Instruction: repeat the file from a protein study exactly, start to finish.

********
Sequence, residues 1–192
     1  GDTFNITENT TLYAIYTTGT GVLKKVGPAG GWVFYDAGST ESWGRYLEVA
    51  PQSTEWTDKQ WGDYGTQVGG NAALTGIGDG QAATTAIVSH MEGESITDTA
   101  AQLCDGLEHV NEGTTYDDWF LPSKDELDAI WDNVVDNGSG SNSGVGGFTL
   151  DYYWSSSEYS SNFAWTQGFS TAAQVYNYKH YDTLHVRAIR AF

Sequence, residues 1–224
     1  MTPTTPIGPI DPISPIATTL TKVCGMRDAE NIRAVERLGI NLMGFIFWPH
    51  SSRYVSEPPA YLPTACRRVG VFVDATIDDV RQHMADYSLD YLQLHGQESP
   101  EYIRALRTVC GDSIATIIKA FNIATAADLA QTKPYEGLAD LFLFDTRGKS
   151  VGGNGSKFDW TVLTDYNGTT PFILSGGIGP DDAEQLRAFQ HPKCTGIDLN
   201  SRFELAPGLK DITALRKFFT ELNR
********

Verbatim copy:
Sequence, residues 1–192
     1  GDTFNITENT TLYAIYTTGT GVLKKVGPAG GWVFYDAGST ESWGRYLEVA
    51  PQSTEWTDKQ WGDYGTQVGG NAALTGIGDG QAATTAIVSH MEGESITDTA
   101  AQLCDGLEHV NEGTTYDDWF LPSKDELDAI WDNVVDNGSG SNSGVGGFTL
   151  DYYWSSSEYS SNFAWTQGFS TAAQVYNYKH YDTLHVRAIR AF

Sequence, residues 1–224
     1  MTPTTPIGPI DPISPIATTL TKVCGMRDAE NIRAVERLGI NLMGFIFWPH
    51  SSRYVSEPPA YLPTACRRVG VFVDATIDDV RQHMADYSLD YLQLHGQESP
   101  EYIRALRTVC GDSIATIIKA FNIATAADLA QTKPYEGLAD LFLFDTRGKS
   151  VGGNGSKFDW TVLTDYNGTT PFILSGGIGP DDAEQLRAFQ HPKCTGIDLN
   201  SRFELAPGLK DITALRKFFT ELNR